Tuesday, November 11, 2008

A few unorganized thoughts

During the Halong Bay tour the guide, Hien, told me that most Vietnamese people, aside from government workers, work seven days a week, often for several months at a time before having a day off. We can thank the labor movement in the U.S. for the fact that we have weekends.

Hien's wife works in the garment industry. She works 12 to 14 hours a day, and doesn't get any days off. The factory where she works does contract work for many different companies, and so the clothes she produces have many different labels. Hien's parents take care of their 10-month-old baby.

In order to be a tour guide, Hien studied English in a university for more than four years, but he doesn't want his son to become a tour guide because the work is irregular. He hopes that his son can become a government administrator.
Everyone asks me about the U.S. election. I have talked with Australians, Japanese and Vietnamese people about the election. Everyone is glad that Obama won. People around the world oppose Bush's war in Iraq, which Bush pressures their governments to support, and people are concerned about the U.S. economy, which affects the economy in countries around the world.
A man tried to pickpocket me in Hanoi. I felt something touch my hand bag, and as I looked over my shoulder a man was hurrying away and the side zipper on my bag had been partially opened. The pocket contained only a highlighter and my travel alarm clock anyway, as I am very careful of where I carry things of value, but the man got nothing from me. In all my traveling, this is the first time that anyone has tried to pickpocket me. Hanoi is known for pickpockets, but not for any violent crime.
I visited the Hoa Lo Prison, best known to Americans as the Hanoi Hilton. Sen John McCain and other prisoners of war were held and tortured here during the American War, as the Vietnam War is called here.

The Hoa Lo Prison, now a museum, served a much longer role in Vietnam's history. It was opened in 1896 by the French, as part of an effort to suppress the growing popular anti-colonial movement. The French used the Hoa Lo Prison to house and torture Vietnamese political prisoners from 1896 until 1954, when north Vietnam was liberated from the French occupation. There were many women political prisoners as well as men, and many were executed here. A French guillotine is on display.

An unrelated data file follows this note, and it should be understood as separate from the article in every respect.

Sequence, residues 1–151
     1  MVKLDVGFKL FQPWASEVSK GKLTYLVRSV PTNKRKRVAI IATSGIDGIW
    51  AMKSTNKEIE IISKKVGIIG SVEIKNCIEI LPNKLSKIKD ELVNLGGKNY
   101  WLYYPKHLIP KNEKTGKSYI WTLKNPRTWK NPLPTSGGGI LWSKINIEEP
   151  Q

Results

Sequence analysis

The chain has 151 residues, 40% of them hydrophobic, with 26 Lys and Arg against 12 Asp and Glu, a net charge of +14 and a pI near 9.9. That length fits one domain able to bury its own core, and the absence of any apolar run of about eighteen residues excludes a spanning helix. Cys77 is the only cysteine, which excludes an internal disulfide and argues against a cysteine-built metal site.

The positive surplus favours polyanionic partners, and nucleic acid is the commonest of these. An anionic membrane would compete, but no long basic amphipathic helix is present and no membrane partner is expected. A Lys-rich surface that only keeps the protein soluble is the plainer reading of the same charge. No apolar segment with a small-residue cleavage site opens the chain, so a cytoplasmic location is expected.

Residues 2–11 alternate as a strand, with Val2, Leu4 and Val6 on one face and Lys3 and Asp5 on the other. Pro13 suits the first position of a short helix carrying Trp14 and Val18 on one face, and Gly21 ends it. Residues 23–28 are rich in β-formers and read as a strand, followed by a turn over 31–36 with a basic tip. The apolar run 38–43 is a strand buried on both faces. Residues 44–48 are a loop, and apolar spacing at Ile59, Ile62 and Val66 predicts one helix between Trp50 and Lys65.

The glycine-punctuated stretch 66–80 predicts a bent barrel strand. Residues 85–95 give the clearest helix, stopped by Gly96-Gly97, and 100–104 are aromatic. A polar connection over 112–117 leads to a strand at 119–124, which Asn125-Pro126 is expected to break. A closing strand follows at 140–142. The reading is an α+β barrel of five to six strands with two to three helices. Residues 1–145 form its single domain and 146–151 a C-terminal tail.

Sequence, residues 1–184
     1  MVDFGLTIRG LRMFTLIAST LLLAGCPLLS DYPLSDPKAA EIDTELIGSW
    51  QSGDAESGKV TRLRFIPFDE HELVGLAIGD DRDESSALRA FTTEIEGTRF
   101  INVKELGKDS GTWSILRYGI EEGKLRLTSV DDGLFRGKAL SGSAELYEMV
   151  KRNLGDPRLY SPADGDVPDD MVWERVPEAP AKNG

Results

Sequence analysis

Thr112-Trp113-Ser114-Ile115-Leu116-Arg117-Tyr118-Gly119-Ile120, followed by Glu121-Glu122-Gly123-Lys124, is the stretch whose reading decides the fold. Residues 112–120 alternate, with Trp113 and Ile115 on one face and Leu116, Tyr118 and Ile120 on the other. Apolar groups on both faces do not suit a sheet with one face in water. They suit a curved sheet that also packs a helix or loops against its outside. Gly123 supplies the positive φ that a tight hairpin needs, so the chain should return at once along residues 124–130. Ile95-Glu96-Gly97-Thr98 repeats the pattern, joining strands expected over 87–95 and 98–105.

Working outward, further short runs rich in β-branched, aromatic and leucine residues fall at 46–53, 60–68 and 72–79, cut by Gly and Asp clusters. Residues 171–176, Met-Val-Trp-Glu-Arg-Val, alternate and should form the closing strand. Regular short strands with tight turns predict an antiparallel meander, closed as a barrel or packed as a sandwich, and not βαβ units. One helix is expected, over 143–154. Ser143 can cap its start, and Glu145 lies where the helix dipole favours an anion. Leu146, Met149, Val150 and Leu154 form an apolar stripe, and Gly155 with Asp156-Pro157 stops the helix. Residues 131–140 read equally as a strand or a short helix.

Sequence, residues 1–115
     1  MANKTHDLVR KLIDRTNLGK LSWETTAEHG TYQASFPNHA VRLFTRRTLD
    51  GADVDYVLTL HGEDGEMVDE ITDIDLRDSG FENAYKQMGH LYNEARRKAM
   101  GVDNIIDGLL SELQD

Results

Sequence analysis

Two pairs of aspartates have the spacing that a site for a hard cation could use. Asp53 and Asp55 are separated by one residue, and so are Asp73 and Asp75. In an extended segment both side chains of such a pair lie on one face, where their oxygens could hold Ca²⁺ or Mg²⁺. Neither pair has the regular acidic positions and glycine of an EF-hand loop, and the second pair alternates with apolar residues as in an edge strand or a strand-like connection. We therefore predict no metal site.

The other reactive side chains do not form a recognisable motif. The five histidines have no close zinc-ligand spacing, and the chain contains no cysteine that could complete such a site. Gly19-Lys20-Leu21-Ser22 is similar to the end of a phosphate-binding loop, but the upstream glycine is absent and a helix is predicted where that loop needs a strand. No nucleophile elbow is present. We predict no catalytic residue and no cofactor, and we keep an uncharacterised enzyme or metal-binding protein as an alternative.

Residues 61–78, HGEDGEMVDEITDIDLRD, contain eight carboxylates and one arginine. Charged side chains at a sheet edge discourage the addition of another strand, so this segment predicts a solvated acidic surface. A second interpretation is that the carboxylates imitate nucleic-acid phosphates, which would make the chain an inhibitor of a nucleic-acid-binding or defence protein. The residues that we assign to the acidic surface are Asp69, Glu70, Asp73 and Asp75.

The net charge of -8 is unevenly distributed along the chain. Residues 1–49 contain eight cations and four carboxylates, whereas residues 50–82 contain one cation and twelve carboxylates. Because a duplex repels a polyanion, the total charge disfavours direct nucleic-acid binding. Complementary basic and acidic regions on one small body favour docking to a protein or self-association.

In addition to exhibits on prison conditions, solitary confinement, death row, torture devices, escapes and resistance by prisoners, the prison has exhibits on French supporters of Vietnamese liberation, and U.S. protests against the Vietnam war.
I spent the afternoon reading in the park overlooking the lake that is in the center of Hanoi's old quarter. I am reading a book called Golden Autumn. It's a collection of Vietnamese short stories.

I love to sit in a beautiful public place and watch people. In the evening, many locals meet in the park to do a tai chi type of exercise together. It reminds me of the Chinese people who do tai chi in the early morning in San Francisco, but this exercise is something different.

Two 19-year-old boys asked if they could sit next to me and practice their English a bit. I was reluctant because I thought they would try to sell me something or scam me in some way, but I looked at their homework books and they really were English students just trying to practice. I talked with them for a half an hour, taught them some new words and learned a bit about their lives.
Vietnam is like Bolivia in that there is a constant hubub of noise, and the locals get business done by recognizing the different noises. For example, the garbage collectors (two people pushing a plastic tub on wheels) make a particular banging sound as they work their way down the street and people come out with garbage.
I bought a new pair of glasses for US $89! That includes exam, lenses and frames, and they were done on the same day! Now I have a spare pair, so I don't have to worry about losing my expensive pair when I'm kayaking, etc.
I'm signing off for a few days, as this evening I will leave for a three day/four night tour of Sapa. I normally don't join tour groups while traveling, but Vietnam is unique in that the package tours are actually cheaper than traveling independently. And it is nice having the tour company take care of all the arrangements, and to have a local guide. So until next time, thanks for reading!

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